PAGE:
You are now registered to the All About Eggs Egg-mail Newsletter.Okay
Birds, insects, most reptiles, amphibians, some fish and some mammals lay eggs outside of their body.
Animals that lay eggs outside of their bodies are called ‘oviparous’.
All animals lay eggs that people can eat.
Eggs are farmed all over Australia.
Australian people buy most of their eggs from other countries.
Nearly all animals lay eggs but only some of them lay eggs outside their body. They are called oviparous animals and include:
Click on the animal to learn more about their eggs.
Some fish hold their eggs inside their body, but most species lay eggs outside of their body (oviparous). Fish eggs are soft and have no shell. Some fish lay millions of eggs in one session but only a few eggs hatch to become baby fish. Some bony fish, like sharks, lay eggs and produce very few young.
All birds lay eggs but their shape, size and colour are different. The ostrich lays eggs which are about 20cm long and weigh 1.6 kg (30 times as much as a hen’s egg). The eggs we eat most often are laid by female chickens, called hens. Hens lay on average one egg every 24-26 hours.
All insects lay their eggs outside of their body (oviparous). Their size and appearance are different. Some butterflies lay one egg at a time, others lay eggs in small clusters, while others lay hundreds at a time. Butterfly eggs come in many shapes and colours. The shapes include spherical, oval, and pod-shaped; the colours include white, green, and yellow.
Amphibians such as frogs and toads live on land and in water. They lay soft jelly-like eggs, with no shells. The female lays her eggs in water or wet places to protect them from drying out. Some frogs lay as few as 2 eggs at a time. Some lay 50,000 eggs.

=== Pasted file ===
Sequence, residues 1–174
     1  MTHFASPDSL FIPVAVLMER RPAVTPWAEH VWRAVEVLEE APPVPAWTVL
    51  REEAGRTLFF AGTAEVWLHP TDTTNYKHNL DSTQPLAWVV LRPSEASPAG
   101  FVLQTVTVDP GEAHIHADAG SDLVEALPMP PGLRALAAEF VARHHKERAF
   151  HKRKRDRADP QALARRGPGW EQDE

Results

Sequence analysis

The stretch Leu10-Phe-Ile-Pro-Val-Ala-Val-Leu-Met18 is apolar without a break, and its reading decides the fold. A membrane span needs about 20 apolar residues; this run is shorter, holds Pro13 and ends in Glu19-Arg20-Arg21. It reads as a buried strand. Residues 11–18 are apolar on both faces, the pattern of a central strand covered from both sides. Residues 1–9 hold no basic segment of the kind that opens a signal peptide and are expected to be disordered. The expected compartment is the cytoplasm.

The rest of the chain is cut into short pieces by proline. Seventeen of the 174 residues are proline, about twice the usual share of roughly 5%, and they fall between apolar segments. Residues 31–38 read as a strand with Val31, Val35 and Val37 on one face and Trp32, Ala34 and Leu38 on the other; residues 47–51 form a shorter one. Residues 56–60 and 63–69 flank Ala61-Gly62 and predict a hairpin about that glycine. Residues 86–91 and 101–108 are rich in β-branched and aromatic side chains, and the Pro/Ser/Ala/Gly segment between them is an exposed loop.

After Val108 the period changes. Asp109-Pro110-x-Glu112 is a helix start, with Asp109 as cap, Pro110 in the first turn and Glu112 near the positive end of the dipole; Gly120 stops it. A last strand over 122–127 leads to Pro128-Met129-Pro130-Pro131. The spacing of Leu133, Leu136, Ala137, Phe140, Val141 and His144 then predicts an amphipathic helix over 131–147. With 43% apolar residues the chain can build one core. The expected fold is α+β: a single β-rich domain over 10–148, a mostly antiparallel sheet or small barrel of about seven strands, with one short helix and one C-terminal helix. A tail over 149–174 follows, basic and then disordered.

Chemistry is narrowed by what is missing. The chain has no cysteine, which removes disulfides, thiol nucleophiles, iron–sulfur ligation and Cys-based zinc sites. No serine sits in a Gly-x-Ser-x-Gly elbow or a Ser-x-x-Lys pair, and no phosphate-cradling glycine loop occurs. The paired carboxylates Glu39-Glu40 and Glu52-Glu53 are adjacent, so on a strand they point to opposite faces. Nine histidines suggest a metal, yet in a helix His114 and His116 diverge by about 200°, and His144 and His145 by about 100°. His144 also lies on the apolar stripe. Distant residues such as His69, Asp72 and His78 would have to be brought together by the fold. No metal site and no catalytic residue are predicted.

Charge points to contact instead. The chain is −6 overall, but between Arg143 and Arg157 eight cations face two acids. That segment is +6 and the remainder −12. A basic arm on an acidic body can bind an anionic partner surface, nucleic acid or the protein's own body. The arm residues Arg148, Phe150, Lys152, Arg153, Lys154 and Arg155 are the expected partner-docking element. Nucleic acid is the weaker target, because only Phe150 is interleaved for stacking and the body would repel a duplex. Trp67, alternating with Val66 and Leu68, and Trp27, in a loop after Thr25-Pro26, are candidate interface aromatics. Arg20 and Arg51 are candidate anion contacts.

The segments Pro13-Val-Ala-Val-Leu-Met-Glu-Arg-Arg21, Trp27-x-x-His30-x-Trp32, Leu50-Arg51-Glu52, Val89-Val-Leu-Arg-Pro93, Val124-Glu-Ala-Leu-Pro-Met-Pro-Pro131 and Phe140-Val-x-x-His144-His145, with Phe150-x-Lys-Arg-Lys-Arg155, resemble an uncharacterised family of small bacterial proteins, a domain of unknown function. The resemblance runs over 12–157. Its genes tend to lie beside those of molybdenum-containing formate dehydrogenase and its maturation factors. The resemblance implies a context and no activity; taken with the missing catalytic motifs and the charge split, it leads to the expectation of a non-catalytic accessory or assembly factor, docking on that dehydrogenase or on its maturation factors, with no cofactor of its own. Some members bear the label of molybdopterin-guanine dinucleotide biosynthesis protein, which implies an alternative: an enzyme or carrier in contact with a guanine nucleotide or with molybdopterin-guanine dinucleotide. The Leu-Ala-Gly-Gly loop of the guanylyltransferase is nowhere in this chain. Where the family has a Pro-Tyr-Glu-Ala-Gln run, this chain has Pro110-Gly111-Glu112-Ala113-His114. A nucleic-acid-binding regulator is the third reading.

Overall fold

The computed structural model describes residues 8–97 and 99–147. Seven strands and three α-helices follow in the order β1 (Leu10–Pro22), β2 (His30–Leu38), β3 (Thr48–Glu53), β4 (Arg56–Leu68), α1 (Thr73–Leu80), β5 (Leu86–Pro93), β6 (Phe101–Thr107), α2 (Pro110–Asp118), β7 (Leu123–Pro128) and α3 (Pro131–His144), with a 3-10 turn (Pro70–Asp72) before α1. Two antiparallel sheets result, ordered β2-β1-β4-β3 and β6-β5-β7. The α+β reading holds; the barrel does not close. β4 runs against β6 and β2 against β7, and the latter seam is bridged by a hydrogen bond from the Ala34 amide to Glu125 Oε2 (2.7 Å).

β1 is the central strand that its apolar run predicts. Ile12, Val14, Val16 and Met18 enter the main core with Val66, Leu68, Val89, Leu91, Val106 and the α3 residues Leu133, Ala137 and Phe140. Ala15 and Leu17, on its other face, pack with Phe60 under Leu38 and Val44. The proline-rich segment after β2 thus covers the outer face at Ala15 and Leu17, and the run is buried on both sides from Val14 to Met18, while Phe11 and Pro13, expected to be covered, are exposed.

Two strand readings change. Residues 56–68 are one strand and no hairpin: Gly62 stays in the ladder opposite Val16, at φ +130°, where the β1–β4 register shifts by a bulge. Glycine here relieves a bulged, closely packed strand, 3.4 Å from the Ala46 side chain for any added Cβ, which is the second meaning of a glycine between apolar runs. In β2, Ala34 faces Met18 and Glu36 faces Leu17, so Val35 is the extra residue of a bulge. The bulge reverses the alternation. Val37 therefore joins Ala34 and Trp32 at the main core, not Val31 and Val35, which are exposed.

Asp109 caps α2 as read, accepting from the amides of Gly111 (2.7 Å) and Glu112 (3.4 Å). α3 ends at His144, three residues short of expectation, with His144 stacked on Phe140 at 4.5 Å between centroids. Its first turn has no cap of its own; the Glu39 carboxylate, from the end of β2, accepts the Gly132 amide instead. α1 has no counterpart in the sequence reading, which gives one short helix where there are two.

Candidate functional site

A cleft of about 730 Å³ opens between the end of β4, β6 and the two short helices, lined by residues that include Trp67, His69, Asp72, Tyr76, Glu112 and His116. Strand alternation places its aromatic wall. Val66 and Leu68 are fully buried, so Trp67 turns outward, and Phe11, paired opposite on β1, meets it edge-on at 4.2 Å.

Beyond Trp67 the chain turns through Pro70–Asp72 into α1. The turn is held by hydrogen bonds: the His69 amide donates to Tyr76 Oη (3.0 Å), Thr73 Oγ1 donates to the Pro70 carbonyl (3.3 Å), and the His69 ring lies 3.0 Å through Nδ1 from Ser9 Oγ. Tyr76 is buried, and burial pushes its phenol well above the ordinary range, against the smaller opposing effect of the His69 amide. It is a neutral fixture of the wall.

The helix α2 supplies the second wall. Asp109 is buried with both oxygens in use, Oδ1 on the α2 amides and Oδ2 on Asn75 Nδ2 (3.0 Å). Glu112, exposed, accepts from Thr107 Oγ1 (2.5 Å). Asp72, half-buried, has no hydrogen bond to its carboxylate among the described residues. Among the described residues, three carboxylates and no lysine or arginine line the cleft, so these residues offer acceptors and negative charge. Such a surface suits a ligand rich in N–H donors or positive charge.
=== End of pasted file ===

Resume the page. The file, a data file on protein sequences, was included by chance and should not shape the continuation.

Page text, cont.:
Reptiles are cold-blooded animals and most lay their eggs out of their body (oviparous). Reptile eggs usually feel soft and leathery and they contain a large yolk to provide food to the growing young. Not all snakes lay eggs, but about 70% do. When a female snake lays eggs, she can lay up to 100 at a time.
Most mammals keep eggs inside their bodies then give birth to live young, but two species of mammals, the echidna and platypus, are oviparous. They are known as monotremes. The female lays a single soft-shelled, leathery egg and deposits it directly into her pouch. Hatching takes place after 10 days.
In Australia, people can buy and eat the eggs of which animals? Clue: some of the eggs can only be bought at a farm!
The eggs we buy and eat most often come from a hen.
Watch the video below on how eggs get to your supermarket.
Nearly all animals produce eggs. Only some of them lay eggs outside of their body.
Animals that lay eggs outside of their bodies are called 'omnivorous'.
The size and amount of eggs laid by animals are all different.
Hen eggs are the most popular choice of eggs that people eat in Australia.
New South Wales has the highest proportion of egg farming in Australia.
The Northern Territory produces more eggs than Queensland.
The ACT (Australian Capital Territory) does not produce any eggs.
Most of Australia’s eggs are consumed (eaten) by the overseas market.
Asia produces the most eggs of any region.
Australia only produces a small number of eggs compared to the rest of the world.